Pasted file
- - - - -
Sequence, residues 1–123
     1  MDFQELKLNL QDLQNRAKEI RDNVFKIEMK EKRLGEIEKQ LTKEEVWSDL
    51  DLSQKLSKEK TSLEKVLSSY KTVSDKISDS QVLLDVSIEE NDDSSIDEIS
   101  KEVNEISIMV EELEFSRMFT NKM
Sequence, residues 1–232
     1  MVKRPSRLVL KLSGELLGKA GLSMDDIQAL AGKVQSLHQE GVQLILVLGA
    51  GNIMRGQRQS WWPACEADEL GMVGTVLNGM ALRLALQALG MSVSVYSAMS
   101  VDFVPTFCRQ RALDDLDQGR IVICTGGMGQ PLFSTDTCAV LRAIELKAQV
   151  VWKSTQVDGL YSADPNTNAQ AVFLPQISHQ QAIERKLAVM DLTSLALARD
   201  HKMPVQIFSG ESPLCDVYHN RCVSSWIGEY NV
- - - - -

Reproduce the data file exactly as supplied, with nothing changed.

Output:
Sequence, residues 1–123
     1  MDFQELKLNL QDLQNRAKEI RDNVFKIEMK EKRLGEIEKQ LTKEEVWSDL
    51  DLSQKLSKEK TSLEKVLSSY KTVSDKISDS QVLLDVSIEE NDDSSIDEIS
   101  KEVNEISIMV EELEFSRMFT NKM
Sequence, residues 1–232
     1  MVKRPSRLVL KLSGELLGKA GLSMDDIQAL AGKVQSLHQE GVQLILVLGA
    51  GNIMRGQRQS WWPACEADEL GMVGTVLNGM ALRLALQALG MSVSVYSAMS
   101  VDFVPTFCRQ RALDDLDQGR IVICTGGMGQ PLFSTDTCAV LRAIELKAQV
   151  VWKSTQVDGL YSADPNTNAQ AVFLPQISHQ QAIERKLAVM DLTSLALARD
   201  HKMPVQIFSG ESPLCDVYHN RCVSSWIGEY NV